You’ll likely pay less for insurance.
In 2017, those with a fair credit score paid as much as 36 percent more for their home insurance than those with excellent credit. And yes, checking your credit is relevant for insurance products. When you apply for insurance, you are essentially making an application for a financial service. The insurer will provide you with financial support if you file a claim.
Therefore, insurers’ main concerns are: Will you be able to pay the premium on time? Also, what is the likelihood that you will make a financial claim? As such, insurance companies may check your credit history along with an industry-specific credit score. He points out that industry-specific scores are calculated using the information in your credit report, just like your consumer score.
You might skip large deposits for utilities or cellphone plans.
Interested in financing smartphone? The cellular provider is going to look carefully at your credit report and scores first. Your phone options may be limited without good credit.
Similarly, utility companies will also pull your credit score to figure out your security deposit amount. Once again, a great credit score will likely reduce the amount that you’ll have to put down. Or, you might not have to pay those security deposits at all.
You are more likely to get approved to rent an apartment.
According to a 2017 national survey by TransUnion SmartMove, about 90 percent of landlords say they run a credit and criminal background check on prospective tenants. If you’re renting or leasing an apartment, your credit score can affect your lease rate and deposit requirements.
If you live in an area where good apartments are scarce, a high score could help set you apart from other applicants.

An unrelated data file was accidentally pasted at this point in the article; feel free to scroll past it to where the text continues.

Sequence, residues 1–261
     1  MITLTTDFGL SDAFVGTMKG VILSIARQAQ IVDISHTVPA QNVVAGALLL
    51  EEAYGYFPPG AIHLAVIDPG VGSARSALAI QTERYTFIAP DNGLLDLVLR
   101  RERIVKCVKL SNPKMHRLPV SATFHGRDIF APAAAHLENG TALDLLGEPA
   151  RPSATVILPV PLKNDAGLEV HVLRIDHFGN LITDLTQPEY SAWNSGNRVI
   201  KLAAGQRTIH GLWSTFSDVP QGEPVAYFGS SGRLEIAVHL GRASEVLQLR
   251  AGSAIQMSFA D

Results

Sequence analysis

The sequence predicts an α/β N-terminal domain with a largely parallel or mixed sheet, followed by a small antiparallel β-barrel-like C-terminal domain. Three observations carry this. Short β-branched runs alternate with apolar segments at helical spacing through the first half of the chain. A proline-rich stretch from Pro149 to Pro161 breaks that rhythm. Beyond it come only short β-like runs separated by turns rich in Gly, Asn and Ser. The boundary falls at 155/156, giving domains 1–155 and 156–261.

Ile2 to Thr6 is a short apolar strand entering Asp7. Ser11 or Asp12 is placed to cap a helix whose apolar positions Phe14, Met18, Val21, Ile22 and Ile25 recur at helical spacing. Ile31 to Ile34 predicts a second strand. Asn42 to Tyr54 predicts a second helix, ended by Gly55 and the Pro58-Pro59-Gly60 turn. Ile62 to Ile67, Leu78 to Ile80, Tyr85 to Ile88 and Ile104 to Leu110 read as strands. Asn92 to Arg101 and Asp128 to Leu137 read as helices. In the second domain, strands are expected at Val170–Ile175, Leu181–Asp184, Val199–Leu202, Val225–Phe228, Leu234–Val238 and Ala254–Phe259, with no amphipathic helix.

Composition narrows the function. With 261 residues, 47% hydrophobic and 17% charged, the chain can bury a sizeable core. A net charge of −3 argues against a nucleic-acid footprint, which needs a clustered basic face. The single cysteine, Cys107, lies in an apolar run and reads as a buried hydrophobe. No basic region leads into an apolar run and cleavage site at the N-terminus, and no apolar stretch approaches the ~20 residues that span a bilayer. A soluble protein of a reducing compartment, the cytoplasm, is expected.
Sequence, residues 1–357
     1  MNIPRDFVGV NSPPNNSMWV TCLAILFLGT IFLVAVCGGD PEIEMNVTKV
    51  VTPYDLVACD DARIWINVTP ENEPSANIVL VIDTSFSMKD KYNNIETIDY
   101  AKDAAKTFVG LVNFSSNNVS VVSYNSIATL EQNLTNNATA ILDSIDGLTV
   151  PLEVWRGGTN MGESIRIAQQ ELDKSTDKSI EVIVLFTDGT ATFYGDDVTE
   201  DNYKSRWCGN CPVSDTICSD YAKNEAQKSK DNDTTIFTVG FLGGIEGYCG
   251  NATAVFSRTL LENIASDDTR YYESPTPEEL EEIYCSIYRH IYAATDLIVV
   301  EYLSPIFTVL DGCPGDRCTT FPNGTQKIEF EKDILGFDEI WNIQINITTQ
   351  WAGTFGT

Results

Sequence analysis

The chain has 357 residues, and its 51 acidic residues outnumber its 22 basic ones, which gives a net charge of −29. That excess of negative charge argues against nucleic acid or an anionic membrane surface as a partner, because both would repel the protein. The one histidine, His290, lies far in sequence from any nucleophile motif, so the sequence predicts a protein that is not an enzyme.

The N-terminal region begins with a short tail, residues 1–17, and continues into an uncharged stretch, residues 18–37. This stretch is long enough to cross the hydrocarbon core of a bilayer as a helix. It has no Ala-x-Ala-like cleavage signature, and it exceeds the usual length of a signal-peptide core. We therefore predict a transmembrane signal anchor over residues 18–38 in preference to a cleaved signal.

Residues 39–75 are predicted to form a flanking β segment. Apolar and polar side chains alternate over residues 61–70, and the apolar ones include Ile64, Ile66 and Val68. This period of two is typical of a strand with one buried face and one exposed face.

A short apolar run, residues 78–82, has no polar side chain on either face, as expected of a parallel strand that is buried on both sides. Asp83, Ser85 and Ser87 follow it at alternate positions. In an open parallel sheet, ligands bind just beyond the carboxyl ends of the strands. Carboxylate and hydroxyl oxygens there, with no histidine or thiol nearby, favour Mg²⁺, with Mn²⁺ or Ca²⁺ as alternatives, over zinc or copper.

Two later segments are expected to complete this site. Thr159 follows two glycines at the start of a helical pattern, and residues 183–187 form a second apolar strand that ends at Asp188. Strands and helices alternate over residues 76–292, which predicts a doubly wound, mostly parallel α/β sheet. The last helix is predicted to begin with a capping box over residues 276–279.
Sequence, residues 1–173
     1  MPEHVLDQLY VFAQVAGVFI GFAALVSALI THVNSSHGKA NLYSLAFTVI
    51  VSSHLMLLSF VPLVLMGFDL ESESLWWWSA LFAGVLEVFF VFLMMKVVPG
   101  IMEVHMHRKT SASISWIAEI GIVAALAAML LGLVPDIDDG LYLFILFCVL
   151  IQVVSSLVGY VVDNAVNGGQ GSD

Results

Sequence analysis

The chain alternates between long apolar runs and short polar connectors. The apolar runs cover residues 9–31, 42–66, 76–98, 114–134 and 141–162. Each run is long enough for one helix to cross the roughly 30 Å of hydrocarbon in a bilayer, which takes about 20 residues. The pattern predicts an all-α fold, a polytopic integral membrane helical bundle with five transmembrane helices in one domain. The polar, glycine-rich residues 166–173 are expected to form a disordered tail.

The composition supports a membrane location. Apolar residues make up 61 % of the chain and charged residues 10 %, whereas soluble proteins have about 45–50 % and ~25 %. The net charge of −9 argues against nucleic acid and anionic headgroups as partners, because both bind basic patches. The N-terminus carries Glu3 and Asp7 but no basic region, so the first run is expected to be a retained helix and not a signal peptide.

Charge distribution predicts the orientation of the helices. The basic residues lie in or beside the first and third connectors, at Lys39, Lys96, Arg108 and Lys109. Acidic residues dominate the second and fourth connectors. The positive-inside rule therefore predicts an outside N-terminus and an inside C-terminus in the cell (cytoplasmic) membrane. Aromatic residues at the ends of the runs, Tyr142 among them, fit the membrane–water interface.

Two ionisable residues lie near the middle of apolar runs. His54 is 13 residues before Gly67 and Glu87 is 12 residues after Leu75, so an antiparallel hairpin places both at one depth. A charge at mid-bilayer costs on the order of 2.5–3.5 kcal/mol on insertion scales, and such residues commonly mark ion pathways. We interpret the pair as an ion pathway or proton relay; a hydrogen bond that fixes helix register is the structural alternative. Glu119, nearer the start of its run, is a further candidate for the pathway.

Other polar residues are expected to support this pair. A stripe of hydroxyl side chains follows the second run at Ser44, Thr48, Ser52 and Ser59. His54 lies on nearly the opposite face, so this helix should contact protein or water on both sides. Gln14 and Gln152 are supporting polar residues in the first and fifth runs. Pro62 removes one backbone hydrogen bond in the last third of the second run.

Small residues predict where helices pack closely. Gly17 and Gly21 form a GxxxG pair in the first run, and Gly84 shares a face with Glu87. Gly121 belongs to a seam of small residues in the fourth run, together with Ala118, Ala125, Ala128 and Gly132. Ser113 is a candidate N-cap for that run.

How to Mend Bad Credit
First and foremost, you need to know where you stand. Request your free credit report each year, via AnnualCreditReport.com, as well as your credit score. These days, you can most likely access your credit score for free through one of your credit cards, a financial app or your banking institution.
If you’re in a situation where your credit score is not where you want it to be, first review your credit report for any inaccuracies. If you do discover an error, head straight to the credit bureau websites and file a dispute.
As for negative items on your report that are accurate, be proactive. You can contact your creditors to determine if you can make an arrangement to boost your credit score. For instance, you might be able to negotiate a payoff amount to have them remove the negative item from your credit report.
The bottom line? Don’t just pay attention to your credit scores before you make a big financial move – make it a regular habit.
Call Scott A. Kunkel, CPA PC today in North Richland Hills at 817-498-1040 to have a chat about ways to save money on your taxes.
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Source: US News